• Equal Pay Act 1963. This legislation gets rid of inequalities based on gender. Your job description should be neutral and display no discriminatory language.
  • Equal Employment Opportunity. Your job description should help you carryout a fair and objective hiring process without discriminating against any groups of candidates. You must follow the Americans with Disabilities Act. Your job description is an essential part of determining what is essential for the job and it also provides reasonable accommodations for disabled people.

Use Our Sample Job Description Templates

We have done most of the heavy lifting for you. Choose to include as much information as you like to suit your company. Choosing a job description template from our library makes the long-winded process of creating a job description more user-friendly. This helps to save both yours and the applicant’s time.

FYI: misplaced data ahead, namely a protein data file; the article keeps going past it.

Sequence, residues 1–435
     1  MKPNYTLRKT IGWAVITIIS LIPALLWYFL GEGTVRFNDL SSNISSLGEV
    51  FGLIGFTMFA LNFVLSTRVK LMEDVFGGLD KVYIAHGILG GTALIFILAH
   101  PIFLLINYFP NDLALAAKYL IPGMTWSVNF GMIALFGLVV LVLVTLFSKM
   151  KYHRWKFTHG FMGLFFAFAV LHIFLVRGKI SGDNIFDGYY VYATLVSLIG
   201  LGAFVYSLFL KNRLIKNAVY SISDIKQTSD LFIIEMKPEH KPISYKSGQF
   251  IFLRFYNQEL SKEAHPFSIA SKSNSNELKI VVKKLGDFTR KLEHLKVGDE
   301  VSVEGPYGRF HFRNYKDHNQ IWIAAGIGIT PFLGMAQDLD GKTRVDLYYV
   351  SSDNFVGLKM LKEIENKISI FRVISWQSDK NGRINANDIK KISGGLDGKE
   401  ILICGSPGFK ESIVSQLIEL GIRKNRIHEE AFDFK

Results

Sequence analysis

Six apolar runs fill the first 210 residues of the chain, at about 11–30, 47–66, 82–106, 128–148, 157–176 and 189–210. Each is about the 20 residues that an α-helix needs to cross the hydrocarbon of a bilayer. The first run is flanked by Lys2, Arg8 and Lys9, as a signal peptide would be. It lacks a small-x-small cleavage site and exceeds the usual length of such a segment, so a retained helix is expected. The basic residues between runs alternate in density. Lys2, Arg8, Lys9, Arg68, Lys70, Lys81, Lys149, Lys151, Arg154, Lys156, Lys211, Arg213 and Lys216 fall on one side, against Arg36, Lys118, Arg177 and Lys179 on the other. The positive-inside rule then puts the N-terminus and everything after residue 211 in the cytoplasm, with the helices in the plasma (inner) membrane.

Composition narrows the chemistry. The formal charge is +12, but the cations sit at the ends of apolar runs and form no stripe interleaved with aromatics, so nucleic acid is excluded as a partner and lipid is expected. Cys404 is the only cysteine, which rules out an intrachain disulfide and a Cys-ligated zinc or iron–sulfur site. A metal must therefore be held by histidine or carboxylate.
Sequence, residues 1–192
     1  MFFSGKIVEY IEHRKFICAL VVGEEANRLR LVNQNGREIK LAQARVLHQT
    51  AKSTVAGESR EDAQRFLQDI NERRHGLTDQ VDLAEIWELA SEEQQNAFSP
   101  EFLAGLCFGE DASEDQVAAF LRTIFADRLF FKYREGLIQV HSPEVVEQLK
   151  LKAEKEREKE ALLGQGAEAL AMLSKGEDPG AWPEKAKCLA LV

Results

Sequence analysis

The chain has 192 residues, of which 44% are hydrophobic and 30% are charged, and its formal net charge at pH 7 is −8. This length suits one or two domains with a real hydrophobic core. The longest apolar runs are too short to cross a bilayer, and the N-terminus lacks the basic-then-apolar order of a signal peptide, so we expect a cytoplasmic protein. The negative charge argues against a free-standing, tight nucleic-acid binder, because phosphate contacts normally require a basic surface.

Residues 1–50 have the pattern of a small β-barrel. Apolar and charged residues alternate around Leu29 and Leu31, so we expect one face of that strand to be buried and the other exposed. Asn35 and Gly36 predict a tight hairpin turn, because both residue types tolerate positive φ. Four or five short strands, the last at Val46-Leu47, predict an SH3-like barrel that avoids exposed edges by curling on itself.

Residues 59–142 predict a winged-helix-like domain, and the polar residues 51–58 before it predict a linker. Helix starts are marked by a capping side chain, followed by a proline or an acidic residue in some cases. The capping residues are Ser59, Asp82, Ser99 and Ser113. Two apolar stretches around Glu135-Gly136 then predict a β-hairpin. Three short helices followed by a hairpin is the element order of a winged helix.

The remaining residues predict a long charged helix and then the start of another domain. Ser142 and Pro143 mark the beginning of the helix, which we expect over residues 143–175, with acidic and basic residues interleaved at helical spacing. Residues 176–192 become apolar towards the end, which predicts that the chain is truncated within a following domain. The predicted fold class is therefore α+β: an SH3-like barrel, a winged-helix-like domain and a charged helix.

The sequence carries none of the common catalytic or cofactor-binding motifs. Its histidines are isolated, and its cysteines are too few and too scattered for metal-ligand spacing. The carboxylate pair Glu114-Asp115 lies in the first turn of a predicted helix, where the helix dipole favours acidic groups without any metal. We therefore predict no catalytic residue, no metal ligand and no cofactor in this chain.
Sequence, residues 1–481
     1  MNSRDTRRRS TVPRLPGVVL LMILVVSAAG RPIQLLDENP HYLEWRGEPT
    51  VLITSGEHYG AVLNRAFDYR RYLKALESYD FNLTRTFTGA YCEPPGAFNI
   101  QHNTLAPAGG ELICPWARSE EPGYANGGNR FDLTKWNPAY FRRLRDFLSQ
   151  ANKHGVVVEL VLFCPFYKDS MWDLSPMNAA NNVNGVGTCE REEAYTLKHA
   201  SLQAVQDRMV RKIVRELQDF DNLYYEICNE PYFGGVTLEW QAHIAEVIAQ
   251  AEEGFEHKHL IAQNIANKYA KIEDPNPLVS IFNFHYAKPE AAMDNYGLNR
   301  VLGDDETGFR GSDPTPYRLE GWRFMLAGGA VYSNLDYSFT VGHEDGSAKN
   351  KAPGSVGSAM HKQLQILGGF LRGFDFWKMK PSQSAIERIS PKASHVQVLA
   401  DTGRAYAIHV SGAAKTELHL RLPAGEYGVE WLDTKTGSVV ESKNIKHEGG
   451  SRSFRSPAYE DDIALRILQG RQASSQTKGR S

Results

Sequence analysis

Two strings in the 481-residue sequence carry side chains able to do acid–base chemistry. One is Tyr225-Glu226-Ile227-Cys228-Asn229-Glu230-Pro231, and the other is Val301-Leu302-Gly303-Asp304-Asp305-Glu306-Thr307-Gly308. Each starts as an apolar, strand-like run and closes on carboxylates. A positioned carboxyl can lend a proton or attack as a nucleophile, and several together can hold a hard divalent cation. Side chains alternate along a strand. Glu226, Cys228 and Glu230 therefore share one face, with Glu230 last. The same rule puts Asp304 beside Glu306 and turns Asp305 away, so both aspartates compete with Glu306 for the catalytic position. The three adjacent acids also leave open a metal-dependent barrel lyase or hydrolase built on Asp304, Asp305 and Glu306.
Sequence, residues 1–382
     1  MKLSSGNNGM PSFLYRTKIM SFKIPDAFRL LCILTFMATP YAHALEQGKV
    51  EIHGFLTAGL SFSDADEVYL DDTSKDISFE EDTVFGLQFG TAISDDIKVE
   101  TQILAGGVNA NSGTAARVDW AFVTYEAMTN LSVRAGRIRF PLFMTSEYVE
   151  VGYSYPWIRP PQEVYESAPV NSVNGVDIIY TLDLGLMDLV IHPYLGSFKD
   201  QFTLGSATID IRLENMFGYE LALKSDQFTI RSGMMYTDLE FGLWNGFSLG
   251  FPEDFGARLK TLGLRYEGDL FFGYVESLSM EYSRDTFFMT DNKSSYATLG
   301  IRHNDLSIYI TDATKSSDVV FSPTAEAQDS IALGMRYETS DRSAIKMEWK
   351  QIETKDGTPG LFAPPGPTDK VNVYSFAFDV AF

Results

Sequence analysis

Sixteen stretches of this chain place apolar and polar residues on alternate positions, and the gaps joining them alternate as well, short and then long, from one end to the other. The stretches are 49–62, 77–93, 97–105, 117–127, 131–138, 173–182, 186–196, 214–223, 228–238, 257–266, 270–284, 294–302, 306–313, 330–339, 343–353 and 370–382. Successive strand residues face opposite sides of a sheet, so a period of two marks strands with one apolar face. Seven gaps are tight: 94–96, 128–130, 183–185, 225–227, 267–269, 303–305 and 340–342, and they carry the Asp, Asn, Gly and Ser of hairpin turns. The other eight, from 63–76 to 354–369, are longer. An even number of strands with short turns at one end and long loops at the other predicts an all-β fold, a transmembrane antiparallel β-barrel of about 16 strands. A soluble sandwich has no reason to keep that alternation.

After you’ve tweaked your sample job description to suit your specific business needs, you can then use modern hiring software to post the job opening. Fountain ensures a seamless process from sample job description to sourcing and hiring the right candidate. It can be done in one app.

Fountain has received a top score of five on Capterra and here are some of the positive remarks that have been received:

“Overall, Fountain has fantastic features that make the hiring& on-boarding processes easier to deal with and this came with a great price point as well. For the amount of resources that Fountain provides for you, it is 100% well worth the price.” – Amanda Josalene W



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About the Author

Director, Technical Program Management

Josh Harrisking

Josh Harrisking is the Director of Technical Program Management at Fountain.